Episode #8 of the course “Famous classical music composers”
19th-century German composer Johannes Brahms is considered one of the most important composers of chamber music, chorus works, and symphonies of all time. Coming from a musical home, Brahms was highly active in the German professional musical community of his time. Influenced by these musicians, Brahms is traditionally considered a composer of pure, traditional German music. He did not experiment with tonality, preferring instead to focus on the sounds of folk music and lieders. He was also a perfectionist and would often revisit and revise previously published works after reworking a number of details to bring harmonic or melodic improvement.
Brahms was a prolific composer, writing over 140 lieders in addition to symphonies, chamber music, concertos, and folk dances. An accomplished performer, Brahms was the piano soloist at the opening performance of his Piano Concerto No. 1 in D-minor Op. 15. Although it took two performances before the work was accepted, it was afterwards considered a major and important piece in classical music.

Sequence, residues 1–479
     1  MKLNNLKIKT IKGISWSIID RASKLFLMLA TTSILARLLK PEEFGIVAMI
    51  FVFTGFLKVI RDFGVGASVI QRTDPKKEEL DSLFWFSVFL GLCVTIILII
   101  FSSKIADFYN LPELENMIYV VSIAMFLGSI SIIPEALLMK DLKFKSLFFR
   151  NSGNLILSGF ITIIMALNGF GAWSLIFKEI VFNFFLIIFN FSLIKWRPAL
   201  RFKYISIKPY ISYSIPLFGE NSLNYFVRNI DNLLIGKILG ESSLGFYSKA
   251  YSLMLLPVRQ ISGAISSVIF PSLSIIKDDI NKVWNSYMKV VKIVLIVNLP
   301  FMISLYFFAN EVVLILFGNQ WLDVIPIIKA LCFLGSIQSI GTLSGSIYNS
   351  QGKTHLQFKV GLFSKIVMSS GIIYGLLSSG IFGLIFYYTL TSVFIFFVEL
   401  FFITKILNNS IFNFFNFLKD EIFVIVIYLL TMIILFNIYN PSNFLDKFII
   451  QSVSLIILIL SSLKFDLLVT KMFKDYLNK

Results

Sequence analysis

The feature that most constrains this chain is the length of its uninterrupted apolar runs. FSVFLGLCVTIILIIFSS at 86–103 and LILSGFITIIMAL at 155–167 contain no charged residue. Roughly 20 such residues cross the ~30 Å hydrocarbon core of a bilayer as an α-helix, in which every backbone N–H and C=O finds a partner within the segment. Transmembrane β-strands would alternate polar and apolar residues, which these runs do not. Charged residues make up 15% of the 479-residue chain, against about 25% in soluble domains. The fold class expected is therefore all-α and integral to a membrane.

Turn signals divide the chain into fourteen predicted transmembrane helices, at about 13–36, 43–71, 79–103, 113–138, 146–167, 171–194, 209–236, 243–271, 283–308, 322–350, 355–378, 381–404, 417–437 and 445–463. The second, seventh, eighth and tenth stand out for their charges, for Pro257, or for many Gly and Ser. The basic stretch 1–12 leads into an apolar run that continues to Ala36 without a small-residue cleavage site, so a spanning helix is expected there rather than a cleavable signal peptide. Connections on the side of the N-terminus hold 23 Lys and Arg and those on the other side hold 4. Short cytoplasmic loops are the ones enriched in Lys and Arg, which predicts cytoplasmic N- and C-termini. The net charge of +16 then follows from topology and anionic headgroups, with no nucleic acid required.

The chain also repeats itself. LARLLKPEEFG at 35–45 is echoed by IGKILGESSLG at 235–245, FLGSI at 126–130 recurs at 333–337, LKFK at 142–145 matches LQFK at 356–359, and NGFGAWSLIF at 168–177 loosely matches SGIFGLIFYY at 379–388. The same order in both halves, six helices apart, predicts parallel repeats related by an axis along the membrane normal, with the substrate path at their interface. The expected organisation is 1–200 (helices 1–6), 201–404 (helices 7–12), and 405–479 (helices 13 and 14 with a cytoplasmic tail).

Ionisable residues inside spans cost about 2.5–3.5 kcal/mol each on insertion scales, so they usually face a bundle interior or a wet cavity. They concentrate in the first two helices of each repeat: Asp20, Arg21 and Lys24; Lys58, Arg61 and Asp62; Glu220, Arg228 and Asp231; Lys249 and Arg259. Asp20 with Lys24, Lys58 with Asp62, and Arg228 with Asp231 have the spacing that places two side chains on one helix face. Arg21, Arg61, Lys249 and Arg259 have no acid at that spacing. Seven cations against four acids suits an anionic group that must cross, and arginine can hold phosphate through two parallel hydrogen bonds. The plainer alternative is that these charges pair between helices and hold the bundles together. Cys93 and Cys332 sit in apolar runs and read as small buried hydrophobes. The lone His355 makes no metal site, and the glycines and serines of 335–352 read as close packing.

Whereas most Romantic music up to that point had the orchestra serve as an accompaniment to the piano, Brahms structured the harmonies so the piano became more integrated into the orchestra. This goal to make the piano an ensemble piece is also seen in his Piano Quintet in F-minor Op. 34, where the piano accompanies the traditional string quartet instruments of violin, viola, and cello.
Seen as both an innovator and a keeper of the purist, classic sounds of traditional music, Brahms has had a wide range of influence on the musicians who followed him. Both composers interested in contrapuntal, atonal, modernist sounds and rhythms, as well as those interested in maintaining an authentic German folk sound, have expanded on Brahms’ works.
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